At a time when so many up-and-coming folk and roots bands are experimenting with larger, lusher arrangements, it’s refreshing to come across a duo like Dala whose warm, emotive harmonies can take you to the same place as those much bigger bands. Amanda Walther and Sheila Carabine met during a high school music class in 2002. It took them three years to drop a debut album in 2005. But, since, the two friends have delivered a half- dozen albums and have earned a couple Juno and Canadian Music Award nominations. While they’re widely beloved throughout Canada’s enthusiastic acoustic music scene, they’re poised to infect the States with that same kind of passion when their sixth album, Best Day.
Built strongly on these women’s intuitive harmonies, the songs fall aesthetically somewhere between Dar Williams’s more recent albums and early offerings from the Waifs. Their lyrics are richly complex although initially simple; and the arrangements on this album are mostly quiet sparse – sticking to guitar and piano while letting their alternating lead-and-harmony voices rule the roost. There’s a certain warmth and enveloping spirit to these songs, which feel like home.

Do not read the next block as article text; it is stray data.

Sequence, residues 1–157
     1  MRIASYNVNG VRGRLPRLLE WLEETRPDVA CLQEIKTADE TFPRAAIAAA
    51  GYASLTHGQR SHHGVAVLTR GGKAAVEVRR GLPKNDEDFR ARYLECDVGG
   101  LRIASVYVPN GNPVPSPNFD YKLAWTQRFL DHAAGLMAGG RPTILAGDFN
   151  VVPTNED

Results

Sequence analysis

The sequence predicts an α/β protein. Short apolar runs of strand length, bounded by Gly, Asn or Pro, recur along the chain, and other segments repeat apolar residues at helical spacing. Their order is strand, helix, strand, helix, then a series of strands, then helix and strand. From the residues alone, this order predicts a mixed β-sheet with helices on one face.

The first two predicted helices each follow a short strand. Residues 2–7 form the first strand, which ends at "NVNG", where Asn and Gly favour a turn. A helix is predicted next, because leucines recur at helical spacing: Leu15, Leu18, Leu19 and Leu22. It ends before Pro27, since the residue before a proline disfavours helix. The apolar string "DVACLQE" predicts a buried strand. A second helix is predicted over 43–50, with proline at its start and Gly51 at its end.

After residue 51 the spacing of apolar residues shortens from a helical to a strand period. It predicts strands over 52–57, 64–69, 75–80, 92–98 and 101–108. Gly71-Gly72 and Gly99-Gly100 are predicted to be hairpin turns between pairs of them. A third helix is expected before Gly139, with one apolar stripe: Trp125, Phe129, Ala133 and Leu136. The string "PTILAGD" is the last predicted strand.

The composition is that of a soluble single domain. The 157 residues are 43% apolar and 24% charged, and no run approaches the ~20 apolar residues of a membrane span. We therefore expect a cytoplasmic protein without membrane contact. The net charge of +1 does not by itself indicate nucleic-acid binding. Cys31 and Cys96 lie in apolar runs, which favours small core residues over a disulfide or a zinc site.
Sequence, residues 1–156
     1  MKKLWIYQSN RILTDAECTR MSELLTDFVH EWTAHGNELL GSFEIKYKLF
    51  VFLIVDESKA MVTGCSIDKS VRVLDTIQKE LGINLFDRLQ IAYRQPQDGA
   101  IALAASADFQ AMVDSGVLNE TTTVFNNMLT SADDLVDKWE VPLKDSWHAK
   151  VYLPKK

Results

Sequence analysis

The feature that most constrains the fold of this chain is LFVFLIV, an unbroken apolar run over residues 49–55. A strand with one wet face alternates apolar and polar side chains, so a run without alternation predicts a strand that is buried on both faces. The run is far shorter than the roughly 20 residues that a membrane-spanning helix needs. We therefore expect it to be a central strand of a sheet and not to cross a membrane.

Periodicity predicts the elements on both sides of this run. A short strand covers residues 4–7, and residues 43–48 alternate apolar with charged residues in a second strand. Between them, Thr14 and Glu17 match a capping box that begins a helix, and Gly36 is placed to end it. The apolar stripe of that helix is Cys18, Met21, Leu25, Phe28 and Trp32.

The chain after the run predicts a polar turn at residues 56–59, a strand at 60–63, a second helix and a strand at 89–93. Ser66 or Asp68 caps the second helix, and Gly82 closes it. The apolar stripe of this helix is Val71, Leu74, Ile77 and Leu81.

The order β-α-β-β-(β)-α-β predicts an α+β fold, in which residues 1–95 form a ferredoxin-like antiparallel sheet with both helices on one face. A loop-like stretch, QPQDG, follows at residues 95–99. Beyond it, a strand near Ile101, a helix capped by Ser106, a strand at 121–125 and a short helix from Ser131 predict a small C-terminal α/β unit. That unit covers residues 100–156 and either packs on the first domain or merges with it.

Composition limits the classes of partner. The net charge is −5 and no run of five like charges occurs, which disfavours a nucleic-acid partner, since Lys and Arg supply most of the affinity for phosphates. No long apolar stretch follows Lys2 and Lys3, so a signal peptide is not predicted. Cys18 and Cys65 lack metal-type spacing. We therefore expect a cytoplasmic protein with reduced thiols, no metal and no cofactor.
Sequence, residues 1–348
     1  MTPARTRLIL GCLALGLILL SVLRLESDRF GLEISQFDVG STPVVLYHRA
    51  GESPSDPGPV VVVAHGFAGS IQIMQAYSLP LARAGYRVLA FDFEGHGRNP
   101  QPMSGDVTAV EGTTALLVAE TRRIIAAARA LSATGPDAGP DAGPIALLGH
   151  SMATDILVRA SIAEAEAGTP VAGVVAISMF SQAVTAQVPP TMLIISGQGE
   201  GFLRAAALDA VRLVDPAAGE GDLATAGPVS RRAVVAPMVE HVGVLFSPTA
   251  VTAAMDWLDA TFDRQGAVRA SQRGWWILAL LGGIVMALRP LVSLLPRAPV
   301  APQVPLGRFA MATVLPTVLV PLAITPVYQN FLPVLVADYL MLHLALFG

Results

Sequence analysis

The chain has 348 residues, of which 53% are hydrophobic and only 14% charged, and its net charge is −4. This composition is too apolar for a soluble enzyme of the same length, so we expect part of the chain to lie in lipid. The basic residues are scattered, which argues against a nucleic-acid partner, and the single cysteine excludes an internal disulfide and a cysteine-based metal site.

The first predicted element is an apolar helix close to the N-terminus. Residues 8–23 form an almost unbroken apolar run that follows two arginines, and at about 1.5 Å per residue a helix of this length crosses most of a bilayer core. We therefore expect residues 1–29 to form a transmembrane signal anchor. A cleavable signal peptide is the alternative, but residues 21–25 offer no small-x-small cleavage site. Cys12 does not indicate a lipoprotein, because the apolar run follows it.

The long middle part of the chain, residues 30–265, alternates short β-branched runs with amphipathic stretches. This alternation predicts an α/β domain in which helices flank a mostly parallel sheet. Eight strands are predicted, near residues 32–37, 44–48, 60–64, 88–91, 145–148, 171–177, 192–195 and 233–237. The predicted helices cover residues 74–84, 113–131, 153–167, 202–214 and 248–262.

Here, the women consider on all the varied confusions and epiphanies of love and life in general, opening with the line, “I’ve been trying to make a masterpiece but I’ve been coloring all the wrong things.” It takes them eleven songs, but they finally reach a catharsis with “Still Life” – a song about resigning to, perhaps, the fact that there’s no such thing as “wrong things” to color.
In between are simple explorations of love and family. Easy highlights include “Lennon & McCartney” and “Father,” both with slightly creepy piano parts holding up deeply ruminative lyrics about what matters most. But, listen for yourself and you’re sure to find plenty more to sink your teeth into.